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So I'm still new to making games that have a baseline for computer resource usage and I'm confused with my question. I can't find an answer anywhere on the internet so I'm here.

Simple Question:

Which uses more resources? x10 small scripts or x1 mega script?

Detailed Question:

Would x10 small scripts that consist of about 70 - 100 lines of code, be more resource consuming than x1 mega script containing about 700 - 1000 lines code?

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    \$\begingroup\$ Hi Black Cat, unfortunately this question doesn't seem to be about game development, but about programming in general. A good rule of thumb is not to worry about resources until you've actually encountered a problem while developing a game. Also when writing code, you should focus on making the code readable, instead of making it run fast. You'd be surprised how many more projects have been abandoned for being unmaintainable, than the number of projects that were abandoned for being slow. \$\endgroup\$ – TomTsagk Oct 8 '19 at 15:46
  • \$\begingroup\$ This sounds like a question you can answer for yourself by creating 10 small scripts and one mega script (or downloading free scripts documented online so you don't even have to invent the placeholder code), and measuring the RAM use when each is in play. What do you need from us that you can't determine for yourself in this way? Also, are you sure this is even a concern? The code itself will hardly ever be the main culprit for memory use. A single texture or music file might take up more RAM than the entire executable segment of your game attributable to scripts. Why does this matter? \$\endgroup\$ – DMGregory Oct 8 '19 at 17:20
  • \$\begingroup\$ @TomTsagk great answer \$\endgroup\$ – virtouso Nov 23 '19 at 8:41
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Scripts themselves take almost no RAM. You pretty much only have the cost of storing the CPU instructions (a few kilobytes at most, if your script is massive) and that's only once, it doesn't matter how many times the script is duplicated.

For comparison, a single bitmap sprite can to take up several megabytes. It's your assets that are going to be taking up RAM.

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When your game is compiled into bytecode, then all the script files disappear and are mixed into one giant mush of instructions (gross oversimplification, but it helps to get the idea). So it rarely matters how you organize your code across files for performance or memory consumptions. What matters is what that code actually does.

So when you wonder how to organize your sourcecode, then priority number one should always be readability or maintainability. See also the current hot network question "What are the benefits of multi-file programming?" on software engineering stack exchange

If you want to reduce the RAM footprint of your project, then you have to look at the actual content of your scripts and how you use them.

  • Every component of every game object has a bit of management overhead. So having one large MonoBehaviour will often be slightly more memory efficient than lots and lots of small MonoBehaviours which do the exact same thing.
  • This memory consumption is per instance of your script. If you put a MonoBehaviour on 1000 game objects, then it consumes 1000 times the amount of RAM if it's only on 1 game object (again a slight oversimplification, but it's a usable rule of thumb).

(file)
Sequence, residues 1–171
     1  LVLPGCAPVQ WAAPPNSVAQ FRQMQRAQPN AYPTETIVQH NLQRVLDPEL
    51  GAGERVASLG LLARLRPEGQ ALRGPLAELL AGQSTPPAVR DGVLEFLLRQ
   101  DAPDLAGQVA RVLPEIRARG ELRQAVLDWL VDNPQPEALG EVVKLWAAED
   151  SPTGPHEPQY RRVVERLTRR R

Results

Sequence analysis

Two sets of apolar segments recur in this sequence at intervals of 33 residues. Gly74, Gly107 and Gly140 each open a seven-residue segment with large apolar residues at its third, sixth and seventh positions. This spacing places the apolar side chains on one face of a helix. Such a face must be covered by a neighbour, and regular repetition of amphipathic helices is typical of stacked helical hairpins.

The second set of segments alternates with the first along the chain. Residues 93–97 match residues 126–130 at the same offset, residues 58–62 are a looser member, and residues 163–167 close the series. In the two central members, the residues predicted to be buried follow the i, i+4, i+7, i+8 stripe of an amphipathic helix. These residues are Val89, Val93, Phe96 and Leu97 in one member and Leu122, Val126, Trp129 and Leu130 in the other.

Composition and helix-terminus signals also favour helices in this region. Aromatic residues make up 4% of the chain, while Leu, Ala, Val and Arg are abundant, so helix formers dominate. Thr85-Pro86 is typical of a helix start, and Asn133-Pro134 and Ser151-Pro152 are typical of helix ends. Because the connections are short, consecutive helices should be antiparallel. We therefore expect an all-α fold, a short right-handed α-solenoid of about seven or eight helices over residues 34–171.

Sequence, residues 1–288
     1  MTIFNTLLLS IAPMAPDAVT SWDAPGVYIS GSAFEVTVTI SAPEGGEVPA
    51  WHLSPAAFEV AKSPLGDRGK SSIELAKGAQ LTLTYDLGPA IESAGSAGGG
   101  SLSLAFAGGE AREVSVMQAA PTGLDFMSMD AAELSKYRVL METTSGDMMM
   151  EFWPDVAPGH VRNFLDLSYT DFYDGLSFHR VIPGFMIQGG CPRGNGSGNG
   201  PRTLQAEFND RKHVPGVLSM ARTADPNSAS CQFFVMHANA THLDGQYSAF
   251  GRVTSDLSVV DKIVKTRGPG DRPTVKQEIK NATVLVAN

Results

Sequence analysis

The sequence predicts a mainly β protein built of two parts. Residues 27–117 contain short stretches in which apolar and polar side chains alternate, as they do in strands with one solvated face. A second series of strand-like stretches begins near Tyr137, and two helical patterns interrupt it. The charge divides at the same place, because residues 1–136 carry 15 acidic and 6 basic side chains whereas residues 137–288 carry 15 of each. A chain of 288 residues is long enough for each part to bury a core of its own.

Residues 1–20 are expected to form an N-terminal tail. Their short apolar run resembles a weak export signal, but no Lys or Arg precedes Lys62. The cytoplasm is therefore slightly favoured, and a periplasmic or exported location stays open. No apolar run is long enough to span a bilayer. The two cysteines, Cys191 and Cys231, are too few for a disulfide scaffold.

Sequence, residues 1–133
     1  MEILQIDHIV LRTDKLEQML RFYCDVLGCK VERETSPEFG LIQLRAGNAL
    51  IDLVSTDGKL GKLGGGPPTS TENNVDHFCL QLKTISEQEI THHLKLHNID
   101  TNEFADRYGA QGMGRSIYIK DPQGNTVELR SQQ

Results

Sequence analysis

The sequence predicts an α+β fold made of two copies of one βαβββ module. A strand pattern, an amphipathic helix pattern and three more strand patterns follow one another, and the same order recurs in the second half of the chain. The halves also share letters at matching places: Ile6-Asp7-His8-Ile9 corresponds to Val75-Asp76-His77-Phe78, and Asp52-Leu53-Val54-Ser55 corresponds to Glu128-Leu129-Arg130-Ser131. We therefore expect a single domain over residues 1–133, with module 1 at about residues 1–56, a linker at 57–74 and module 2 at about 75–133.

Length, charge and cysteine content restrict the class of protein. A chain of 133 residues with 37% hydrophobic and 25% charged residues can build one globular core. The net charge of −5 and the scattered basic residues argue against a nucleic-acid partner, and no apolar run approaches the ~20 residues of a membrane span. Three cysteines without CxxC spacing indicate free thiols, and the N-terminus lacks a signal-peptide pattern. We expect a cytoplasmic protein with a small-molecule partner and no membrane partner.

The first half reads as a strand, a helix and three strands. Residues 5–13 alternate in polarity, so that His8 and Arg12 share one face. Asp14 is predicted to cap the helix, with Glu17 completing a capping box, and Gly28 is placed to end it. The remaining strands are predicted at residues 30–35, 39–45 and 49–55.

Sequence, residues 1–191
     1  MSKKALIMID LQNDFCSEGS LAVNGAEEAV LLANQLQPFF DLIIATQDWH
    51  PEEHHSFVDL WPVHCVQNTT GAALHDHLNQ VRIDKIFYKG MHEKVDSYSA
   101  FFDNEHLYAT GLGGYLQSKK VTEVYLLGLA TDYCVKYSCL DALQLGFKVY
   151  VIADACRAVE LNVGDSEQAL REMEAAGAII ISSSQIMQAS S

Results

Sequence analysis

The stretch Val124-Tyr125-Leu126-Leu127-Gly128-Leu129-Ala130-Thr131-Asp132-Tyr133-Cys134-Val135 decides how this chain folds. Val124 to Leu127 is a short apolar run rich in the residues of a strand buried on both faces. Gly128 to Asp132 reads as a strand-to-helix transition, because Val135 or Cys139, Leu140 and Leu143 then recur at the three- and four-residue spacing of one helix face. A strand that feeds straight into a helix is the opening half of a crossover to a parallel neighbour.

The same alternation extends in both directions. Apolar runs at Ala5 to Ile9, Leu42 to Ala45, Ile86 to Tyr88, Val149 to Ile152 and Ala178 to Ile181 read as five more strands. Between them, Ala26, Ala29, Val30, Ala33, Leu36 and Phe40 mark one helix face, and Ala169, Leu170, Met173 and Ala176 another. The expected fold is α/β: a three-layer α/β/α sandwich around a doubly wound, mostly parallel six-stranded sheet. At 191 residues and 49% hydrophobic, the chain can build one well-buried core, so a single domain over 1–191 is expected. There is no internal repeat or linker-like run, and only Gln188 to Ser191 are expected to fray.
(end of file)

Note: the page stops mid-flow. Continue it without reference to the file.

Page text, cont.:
• But the actual memory footprint of each MonoBehaviour instance depends on how much data it actually stores in its public, private and protected member variables. A component which has just a single integer will consume a lot less RAM than a component which contains a large array of long strings. So if you have some MonoBehaviours which contain a lot of data but that data is only required by a small subset of objects in your game, then extracting that data into a separate component which you then add more selectively can save you memory.

But in most real-world Unity projects, the main contributors to memory consumptions are not C# scripts. They are the build-in Unity components and the assets they use. So before you start to look at the memory footprint of your own scripts, first consider if you really need all of your assets, which Unity components you put on your game objects and if you use those components in a memory-efficient way. For example, did you know that every single time you change a material.color, Unity creates an entirely new Material asset in memory?

If you would like to know which parts of your game contribute for how much memory consumption, then you can use the Unity Profiler to find out.

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  • \$\begingroup\$ I will note that there is a sense that the "big mush" at the end does have a maximum size, but for most intents and purposes, that limit is too high to matter. I've only seen the error that it causes posted about twice, and there is a resolution (basically: create two mushes using assembly definitions) \$\endgroup\$ – Draco18s no longer trusts SE Nov 24 '19 at 4:40
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i think there is no exact relation between lines of code and ram usage. scripts are translated to lower level instructions in many levels and in the end those instructions are fed to the cpu based on defining that which functions ore which part of code should be run in the same time.

ram is used to store data like variables in programm and stores files from hard disk to be accessible when needed

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